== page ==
Chef Jackie Lin offers three omakase tasting menus that change almost daily—the most expensive of which ($250) includes caviar, bluefin and Wagyu. We recommend booking early to snag the coveted seats at the bar where you can watch chef Lin work. The meal unfolds slowly: first, a course of duck in a dashi broth alongside fried tofu and tender grilled leek. Next, a flawless sashimi plate: sea bream, tuna, spot prawn and octopus. Carefully formed sushi comes seasoned with a brush of soy, fresh wasabi, and a dose of yuzu zest or ponzu-infused daikon. Tuna hand rolls and slices of sweet omelette segue into a dessert trio of black sesame pudding; a soft, deep halvah; and a complex green tea mousse. Servers graciously walk diners through the affordable, carefully crafted sake list.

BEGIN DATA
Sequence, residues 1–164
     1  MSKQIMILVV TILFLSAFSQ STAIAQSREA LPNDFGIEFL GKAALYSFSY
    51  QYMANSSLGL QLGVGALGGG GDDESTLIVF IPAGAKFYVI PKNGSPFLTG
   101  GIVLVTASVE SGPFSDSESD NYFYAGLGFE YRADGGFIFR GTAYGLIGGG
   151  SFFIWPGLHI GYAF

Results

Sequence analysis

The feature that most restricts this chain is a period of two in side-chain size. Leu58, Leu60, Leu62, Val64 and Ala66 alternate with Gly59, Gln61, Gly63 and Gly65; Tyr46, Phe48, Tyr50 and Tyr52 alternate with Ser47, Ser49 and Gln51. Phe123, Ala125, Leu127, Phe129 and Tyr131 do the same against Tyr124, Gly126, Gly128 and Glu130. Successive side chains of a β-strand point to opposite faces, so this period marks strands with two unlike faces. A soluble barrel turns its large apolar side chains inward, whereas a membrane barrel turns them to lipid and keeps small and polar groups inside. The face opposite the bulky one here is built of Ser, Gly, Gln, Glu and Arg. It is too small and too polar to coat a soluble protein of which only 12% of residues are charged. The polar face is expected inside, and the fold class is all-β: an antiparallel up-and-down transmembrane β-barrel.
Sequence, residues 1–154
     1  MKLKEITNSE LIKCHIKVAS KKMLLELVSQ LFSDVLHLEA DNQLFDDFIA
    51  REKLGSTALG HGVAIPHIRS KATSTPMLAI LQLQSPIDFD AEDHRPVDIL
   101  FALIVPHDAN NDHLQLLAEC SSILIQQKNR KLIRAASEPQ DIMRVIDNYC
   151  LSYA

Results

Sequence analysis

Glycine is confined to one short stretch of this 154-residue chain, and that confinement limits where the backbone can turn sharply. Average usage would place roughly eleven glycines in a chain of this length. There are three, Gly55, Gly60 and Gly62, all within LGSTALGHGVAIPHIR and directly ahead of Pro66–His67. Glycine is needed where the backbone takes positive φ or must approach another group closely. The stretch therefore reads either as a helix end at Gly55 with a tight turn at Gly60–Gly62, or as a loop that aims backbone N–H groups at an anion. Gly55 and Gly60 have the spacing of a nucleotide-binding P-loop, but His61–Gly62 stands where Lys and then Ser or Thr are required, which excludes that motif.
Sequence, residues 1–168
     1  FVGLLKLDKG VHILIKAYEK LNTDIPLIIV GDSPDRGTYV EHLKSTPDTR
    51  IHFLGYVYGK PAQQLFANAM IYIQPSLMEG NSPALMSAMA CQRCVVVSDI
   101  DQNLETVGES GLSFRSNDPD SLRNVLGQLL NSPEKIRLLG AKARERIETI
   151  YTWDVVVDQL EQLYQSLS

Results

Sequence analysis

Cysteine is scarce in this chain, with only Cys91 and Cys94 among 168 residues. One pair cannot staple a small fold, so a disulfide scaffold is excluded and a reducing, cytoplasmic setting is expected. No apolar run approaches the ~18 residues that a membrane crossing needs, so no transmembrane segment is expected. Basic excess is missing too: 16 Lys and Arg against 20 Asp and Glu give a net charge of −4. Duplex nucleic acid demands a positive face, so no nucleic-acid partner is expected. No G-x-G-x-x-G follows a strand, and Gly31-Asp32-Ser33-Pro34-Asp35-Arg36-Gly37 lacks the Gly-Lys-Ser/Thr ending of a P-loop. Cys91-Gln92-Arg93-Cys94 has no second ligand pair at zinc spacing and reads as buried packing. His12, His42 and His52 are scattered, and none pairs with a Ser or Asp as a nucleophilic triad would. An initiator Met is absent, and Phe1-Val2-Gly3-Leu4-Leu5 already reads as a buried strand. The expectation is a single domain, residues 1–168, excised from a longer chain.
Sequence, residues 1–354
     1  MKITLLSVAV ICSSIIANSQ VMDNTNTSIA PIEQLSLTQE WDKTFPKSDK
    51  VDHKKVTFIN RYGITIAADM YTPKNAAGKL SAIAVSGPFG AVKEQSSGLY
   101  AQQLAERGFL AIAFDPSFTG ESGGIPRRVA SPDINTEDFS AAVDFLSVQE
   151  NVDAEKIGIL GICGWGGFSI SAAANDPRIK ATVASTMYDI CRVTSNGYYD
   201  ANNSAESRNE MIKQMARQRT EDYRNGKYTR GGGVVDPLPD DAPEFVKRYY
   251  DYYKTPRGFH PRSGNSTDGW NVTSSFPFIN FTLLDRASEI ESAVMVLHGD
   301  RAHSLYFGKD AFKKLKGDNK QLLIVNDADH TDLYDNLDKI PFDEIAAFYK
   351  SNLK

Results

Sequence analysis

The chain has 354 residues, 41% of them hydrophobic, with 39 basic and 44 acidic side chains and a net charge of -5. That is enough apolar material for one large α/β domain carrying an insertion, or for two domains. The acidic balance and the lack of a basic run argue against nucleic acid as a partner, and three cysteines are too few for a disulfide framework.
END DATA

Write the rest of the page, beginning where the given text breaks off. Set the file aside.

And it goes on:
The offerings at Markham’s Zen are resolutely minimal. To start, bite-size hunks of broiled beef tongue come on a skewer. There’s no dipping sauce or topping other than a pinch of salt, but the meat has a natural mineral flavour. For a main dish, a daily changing plate of sashimi might include meticulously cut, lean pieces of octopus, meaty tuna, buttery salmon and, the highlight, a beautifully briny raw scallop.